What made you want to become a musician?
I didn’t think of becoming a musician. But music, it seems, gave me no choice, and at the age of 24, I found myself having to listen to a voice, albeit a crazy one, asking me to learn and, more importantly, to listen and embark on a journey with a mysterious destination. And here I am having to face doubts and challenges that still last today but that have changed me and will continue to change me. Music is that creature that fascinates you, drags you along, makes you vulnerable, exhausts you, enriches you, makes your senses always on alert, surprises you, but which you can no longer do without—a kind of hate and love, but certainly love is stronger!
What accomplishments do you see yourself achieving in the next five to 10 years?
I’m not sure. Tempo, in the sense established by man, is not important for music. Music survives any idea; it projects itself in its time; it is unpredictable; it leads you on the road that is yours, but you don’t decide the steps; the only sure thing is that you don’t have to back down, and I’m ready for the challenge. Here’s what my idea of the future of music could be.
Do you have any hobbies or interests outside of music?
I like reading, especially poetry, which is music in words. I love long walks. Walking is like a movement in music: presto, allegro, adagio, andante. I like photography; my favorite subjects are clouds; it’s music written on the pentragram of the sky. I like black and white movies; they’re like black notes between spaces and lines, and silent movies, you can imagine the music that accompanies each scene.
What strengths do you think makes a musician a great musician?
Personally, I don’t think about it because only time can define if a musician, or an artist in general, is great. Perhaps, however, there are, beyond talent, artistic elements that can define a great musician: knowing how to listen to the greats of the past, commitment, discipline, being honest, being visionaries and provocateurs, critically confronting established power, and above all, the most difficult thing, being humble and not taking yourself too seriously because music chooses you and not the other way around.
Do you have any weaknesses that you’re actively working to improve on?
The fear of not having the time to tell other stories through music, of not having said enough, of not having given a voice to those who don’t have the opportunity to do so, of not listening enough to those around me, of being distracted and sometimes extraneous to what is happening.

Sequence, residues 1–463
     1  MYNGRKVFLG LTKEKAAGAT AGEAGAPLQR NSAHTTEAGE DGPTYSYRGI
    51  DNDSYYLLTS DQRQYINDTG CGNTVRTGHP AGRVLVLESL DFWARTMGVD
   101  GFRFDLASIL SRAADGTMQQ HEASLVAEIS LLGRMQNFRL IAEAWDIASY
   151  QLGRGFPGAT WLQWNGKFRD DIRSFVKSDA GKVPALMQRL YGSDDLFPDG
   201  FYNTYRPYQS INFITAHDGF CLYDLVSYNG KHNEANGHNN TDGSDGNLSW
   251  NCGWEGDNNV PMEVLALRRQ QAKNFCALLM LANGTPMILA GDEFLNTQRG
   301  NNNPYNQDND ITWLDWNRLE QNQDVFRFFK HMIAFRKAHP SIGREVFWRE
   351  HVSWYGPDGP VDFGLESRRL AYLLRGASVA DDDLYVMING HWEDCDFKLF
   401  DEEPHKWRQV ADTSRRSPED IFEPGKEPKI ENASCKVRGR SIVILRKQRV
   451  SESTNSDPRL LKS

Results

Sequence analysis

What is it about music that makes you feel passionate?
The music is unpredictable; it’s like being on a roller coaster. We must be courageous, prudent, reckless, and free. Here’s what I love about music: its freedom, its projecting itself, and its reaching everyone. Being universal, being uncontrollable, and being a part of it all is fascinating, passionate, and also hard because you never know what’s going to happen next.
What do you like most and least about composing music?
Music exalts you, but with the same force, it abysses you. The thrill of composing opens you up to a different vision of the world and its creatures; it lets you participate in its beautiful mystery, but even if you believe you are the creator of those creatures made of musical notes, deep down you are not. They are yours, but they don’t belong to you; they are free, and they will turn away from you at the first opportunity, and for them you will be just a spectator among the spectators. Here is a relationship made of shadows and lights, a bit of salvation and a bit of damnation, and you are part of this with joy and pain at the same time.
Whats more important to you, fame or credibility?
Fame flatters you, and since artists are by nature self-centered and narcissistic, they obviously love to be famous. So I wouldn’t mind being one, but I opt more for credibility that can last over time while fame doesn’t, and then I am convinced that fame belongs to the music itself while credibility belongs to one of the characteristics that humanity should have. You don’t love Bach because he is famous; you love him because he and his music are still credible today!
Can you describe yourself in a six word sentence?
Work in progress filled with hope.
Lady M Day of Hundred Candles (video)
Listen to Lady M Day of Hundred Candles by Maria Rago on #SoundCloud